L.C.F. 31/7/16




Where do you go when it hurts? What do you do when you get low, when you find it hard to cope? What do you do when you feel as though you are on the treadmill, just about able to survive?

We all have these struggles from time to time. We can’t avoid them. It’s part of life in which we been told by Jesus that we will have trials and tribulation. That was certainly true of the psalmist who wrote Psalm 88. If you didn’t feel depressed before you read it, you certainly will by the time you finish it!

This man was very, very low. He felt alone, he felt defeated and he felt dejected. You can’t help but pick up on his mood of depression as you read that Psalm.

Reading our newspapers and the coverage that is now being given on depression, we could be led to believe that depression is a modern day illness. But depression has always been with us and it has affected all sorts of people, including Christians down through the ages. Martin Luther, responsible for initiating the Reformation in the 16th century, suffered from depression…. Charles Spurgeon, the great 19th century Baptist preacher, often referred to as ‘the Prince of Preachers’, suffered from depression. More recently, David Watson the vicar of St Michael le Belfry, York, influential in introducing Renewal into the church and the author of several Christian books, and who died of cancer in 1984, also suffered from depression.

At a more personal level, the vicar I served under during my curacy, an excellent preacher, also suffered for depression. Hazel’s brother, instrumental in bringing so many in the family to Christ, suffered from depression and other mental illnesses. I could go on. The reason I have mentioned these people is because I think it helps us to know that other Christians have suffered in this way. We may not suffer from clinical depression, but we do all get ‘low’ on some occasions and just knowing that we are not alone, can make a huge difference. It can make it easier to forgive ourselves in case we think in some way we have ‘failed’. It can ease the sense of disappointment in ourselves because, as Christians, we think this shouldn’t be happening…. it can ease our sense of frustration and guilt.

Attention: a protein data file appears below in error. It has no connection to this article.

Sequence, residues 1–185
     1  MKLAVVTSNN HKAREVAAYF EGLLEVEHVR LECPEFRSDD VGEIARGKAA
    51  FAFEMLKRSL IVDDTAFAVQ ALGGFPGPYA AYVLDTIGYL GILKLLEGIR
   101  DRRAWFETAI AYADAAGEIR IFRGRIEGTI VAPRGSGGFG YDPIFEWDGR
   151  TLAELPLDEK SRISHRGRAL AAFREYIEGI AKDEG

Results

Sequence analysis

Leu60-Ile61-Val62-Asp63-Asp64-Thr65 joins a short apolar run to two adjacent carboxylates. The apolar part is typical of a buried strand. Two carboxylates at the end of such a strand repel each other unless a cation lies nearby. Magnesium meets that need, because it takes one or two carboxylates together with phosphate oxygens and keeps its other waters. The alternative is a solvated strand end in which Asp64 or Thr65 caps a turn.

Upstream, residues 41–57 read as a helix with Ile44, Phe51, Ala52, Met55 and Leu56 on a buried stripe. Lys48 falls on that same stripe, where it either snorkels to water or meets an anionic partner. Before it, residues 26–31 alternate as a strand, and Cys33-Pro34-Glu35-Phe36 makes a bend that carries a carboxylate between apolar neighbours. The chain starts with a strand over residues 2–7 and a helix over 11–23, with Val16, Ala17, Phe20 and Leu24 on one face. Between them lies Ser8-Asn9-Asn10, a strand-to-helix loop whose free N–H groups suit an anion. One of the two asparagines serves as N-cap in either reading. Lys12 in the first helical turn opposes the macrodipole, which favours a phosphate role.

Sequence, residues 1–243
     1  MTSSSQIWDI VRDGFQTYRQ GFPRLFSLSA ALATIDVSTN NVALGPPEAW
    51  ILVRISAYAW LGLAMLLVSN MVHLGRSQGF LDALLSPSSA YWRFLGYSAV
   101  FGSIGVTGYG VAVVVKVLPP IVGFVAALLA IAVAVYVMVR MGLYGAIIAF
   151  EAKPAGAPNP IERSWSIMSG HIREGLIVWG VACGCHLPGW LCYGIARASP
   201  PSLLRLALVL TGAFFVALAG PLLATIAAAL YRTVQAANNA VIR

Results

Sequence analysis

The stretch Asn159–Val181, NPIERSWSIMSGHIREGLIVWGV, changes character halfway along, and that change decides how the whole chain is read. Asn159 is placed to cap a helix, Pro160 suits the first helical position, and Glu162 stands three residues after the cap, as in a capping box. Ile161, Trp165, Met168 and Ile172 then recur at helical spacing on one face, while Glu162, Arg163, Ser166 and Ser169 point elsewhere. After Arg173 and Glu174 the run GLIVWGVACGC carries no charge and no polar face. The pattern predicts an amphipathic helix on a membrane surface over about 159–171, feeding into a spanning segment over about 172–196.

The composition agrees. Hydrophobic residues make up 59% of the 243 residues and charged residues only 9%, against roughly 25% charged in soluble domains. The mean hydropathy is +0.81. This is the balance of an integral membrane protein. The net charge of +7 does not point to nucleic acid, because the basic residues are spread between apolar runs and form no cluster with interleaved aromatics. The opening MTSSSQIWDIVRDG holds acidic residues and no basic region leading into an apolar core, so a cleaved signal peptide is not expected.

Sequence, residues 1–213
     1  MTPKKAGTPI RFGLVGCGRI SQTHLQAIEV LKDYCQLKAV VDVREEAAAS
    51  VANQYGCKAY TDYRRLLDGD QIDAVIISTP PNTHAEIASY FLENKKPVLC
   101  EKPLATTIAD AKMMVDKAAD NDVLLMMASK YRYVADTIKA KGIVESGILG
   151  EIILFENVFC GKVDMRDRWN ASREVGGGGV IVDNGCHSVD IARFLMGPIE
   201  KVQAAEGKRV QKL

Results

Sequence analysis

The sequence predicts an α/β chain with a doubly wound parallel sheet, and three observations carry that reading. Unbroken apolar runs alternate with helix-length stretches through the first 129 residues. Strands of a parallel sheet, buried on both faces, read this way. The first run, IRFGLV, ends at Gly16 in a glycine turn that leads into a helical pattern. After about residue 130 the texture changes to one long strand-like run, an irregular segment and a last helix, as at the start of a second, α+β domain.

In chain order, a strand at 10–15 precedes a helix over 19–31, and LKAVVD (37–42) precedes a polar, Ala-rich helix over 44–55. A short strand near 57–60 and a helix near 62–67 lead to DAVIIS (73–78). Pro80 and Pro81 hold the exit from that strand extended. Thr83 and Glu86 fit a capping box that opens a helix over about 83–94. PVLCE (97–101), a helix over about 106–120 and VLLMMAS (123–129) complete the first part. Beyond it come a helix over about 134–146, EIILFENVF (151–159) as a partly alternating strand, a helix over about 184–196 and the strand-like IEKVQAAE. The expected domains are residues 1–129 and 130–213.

At least these days, we are being made aware that it is a common problem and there is now a willingness and an openness to talk about such things. As many of you know, I love my sport, and it has been interesting to see how some sportsmen are now are now talking openly about their struggles with depression – Marcus Trescothic, Somerset and ex-England cricketer and Jonathan Trott, Warwickshire and ex-England cricketer, to name just two.

The attitude to depression and mental health is changing and more is now known about the causes of depression. It can be caused by a chemical imbalance in the brain and if that is the diagnosis, then it is right to make use of the many different medications available so that the condition can be corrected.

Sometimes we get depressed or just feel depressed for more ‘mundane’ reasons – there can be many other causes. It could be as a result of some perceived ‘failure’…. it could be as a result of some personal loss or crushing disappointment… it could be as a result of an inability or unwillingness to forgive ourselves…. it could be down to ‘overload’…. too much work, no spare time, resulting in an inability to cope with all the modern day pressures.

There are many causes and equally there are many things that can help – music can help lift out hearts and our spirits. Art and literature or long, regular walks in God’s beautiful world can all certainly help. Just to be taken out of ourselves and to get a new perspective can put us on the road to recovery.